The Deportees “The Birth Of Industry” (Independent 2017)

A foreboding vintage photograph of a grounded ship in an estuary adorns the cover of this, the debut release from Scotland’s The Deportees (who, after some momentary confusion, I realised are not to be confused with the Swedish indie band, Deportees… note the absence of the ‘The’). A bleak and arresting image, the photograph is fitting, offering an appropriate visual for the tone struck by the band throughout “The Birth Of Industry” – a desperately sorrowful collection of songs if ever there was.

So, having hit the naval-gazing, indie rock vibe with quite some conviction, it would be easy to dismiss the band all too quickly as peddlers of the kind of misery-jangle we have recently enjoyed from Frightened Rabbit, Admiral Fallow and, during their more reflective moments, British Sea Power. However, as with each of those bands, there is something quite captivating about The Deportees’ knack for a tune and a heart-rending tale. Their songs are not simply insular ditties – by contrast, the songwriting is convincingly observational, erudite and engaging as the small details of day-to-day mysteries of life are unpicked before us: the description of a man standing lonely in a pub is painfully honest; the starkly uncompromising truth that “there is evil in beautiful faces”; the euphoric descriptions of granite stone towns growing from open fields. Indeed this is captivating stuff which paints pictures and tells stories for us that are easy to relate to. Musically , there is also much to be excited about as the band weave the aforementioned and somewhat inevitable misery-jangle through often epic arrangements that grow suddenly from nowhere, stunning four part harmonies that drop into the most unlikely of places, and momentary flashes of pedal steel, fiddle and gentility that fight against frantically strummed acoustic guitars.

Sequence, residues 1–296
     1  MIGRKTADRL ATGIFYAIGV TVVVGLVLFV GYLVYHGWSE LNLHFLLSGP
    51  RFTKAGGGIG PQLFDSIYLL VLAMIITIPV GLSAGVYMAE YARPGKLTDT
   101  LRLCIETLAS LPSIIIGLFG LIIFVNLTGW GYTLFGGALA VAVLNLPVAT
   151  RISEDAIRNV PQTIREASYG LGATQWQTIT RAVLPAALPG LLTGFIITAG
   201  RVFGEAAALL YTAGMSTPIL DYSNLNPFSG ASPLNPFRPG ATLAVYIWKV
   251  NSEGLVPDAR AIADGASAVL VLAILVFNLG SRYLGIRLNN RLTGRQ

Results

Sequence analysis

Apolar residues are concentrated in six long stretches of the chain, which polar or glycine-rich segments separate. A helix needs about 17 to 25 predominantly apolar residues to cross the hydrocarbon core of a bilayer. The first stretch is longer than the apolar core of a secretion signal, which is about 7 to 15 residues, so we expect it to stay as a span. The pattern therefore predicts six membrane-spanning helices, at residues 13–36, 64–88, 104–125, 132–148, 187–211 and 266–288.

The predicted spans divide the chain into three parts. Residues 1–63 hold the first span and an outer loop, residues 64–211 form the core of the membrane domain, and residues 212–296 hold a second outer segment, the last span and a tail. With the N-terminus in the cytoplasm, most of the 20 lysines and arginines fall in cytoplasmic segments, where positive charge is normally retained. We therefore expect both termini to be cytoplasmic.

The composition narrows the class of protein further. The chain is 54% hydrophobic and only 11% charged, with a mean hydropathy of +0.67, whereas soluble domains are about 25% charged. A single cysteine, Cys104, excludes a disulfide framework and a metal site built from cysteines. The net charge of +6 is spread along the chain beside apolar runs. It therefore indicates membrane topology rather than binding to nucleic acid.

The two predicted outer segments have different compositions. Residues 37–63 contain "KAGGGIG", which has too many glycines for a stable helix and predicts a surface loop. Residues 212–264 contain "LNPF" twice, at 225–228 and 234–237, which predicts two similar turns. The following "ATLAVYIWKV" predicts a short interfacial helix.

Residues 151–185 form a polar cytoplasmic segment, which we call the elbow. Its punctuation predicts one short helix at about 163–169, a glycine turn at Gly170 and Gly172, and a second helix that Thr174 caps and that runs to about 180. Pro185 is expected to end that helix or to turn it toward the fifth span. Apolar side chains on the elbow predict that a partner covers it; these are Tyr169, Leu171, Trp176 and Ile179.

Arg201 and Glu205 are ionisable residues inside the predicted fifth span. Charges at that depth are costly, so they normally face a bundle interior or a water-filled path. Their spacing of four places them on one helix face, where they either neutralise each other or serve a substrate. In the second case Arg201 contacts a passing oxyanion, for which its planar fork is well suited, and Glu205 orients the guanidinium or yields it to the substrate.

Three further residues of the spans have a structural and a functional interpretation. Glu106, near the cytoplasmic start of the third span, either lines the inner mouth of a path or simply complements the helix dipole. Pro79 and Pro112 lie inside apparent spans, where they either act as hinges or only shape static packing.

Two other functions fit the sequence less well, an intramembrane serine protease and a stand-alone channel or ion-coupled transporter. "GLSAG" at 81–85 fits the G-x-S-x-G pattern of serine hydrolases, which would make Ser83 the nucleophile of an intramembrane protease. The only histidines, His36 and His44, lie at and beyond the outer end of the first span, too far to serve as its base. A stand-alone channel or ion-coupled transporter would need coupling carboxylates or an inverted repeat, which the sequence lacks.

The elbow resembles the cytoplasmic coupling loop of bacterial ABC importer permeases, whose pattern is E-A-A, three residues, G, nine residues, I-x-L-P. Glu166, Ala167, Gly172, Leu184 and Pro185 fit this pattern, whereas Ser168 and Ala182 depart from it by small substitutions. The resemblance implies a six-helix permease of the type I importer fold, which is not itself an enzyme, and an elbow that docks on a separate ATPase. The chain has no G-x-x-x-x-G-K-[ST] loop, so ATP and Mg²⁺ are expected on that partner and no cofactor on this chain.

The Deportees most certainly are a not easy to pigeonhole – “The Birth Of Industry” is at once folk, rock, indie, Americana and simultaneously several other things too. However, there is little to dislike about this deeply thoughtful collection of absurdly interesting songs. Even the fact that it could be argued into the category of ‘concept album’ is forgivable.

 

8/10

Summary

Emotionally complex observational songwriting.

Author: Owen Gillham

Banjo playing, guitar strumming, bearded folky with a special place in his heart for Americana, coffee and cake. Graduated from Bretton Hall many years ago with a degree in Contemporary Music and (he said, proudly) probably the only person on that course to have ever written a dissertation about country music!

Leave a comment..

This site uses Akismet to reduce spam. Learn how your comment data is processed.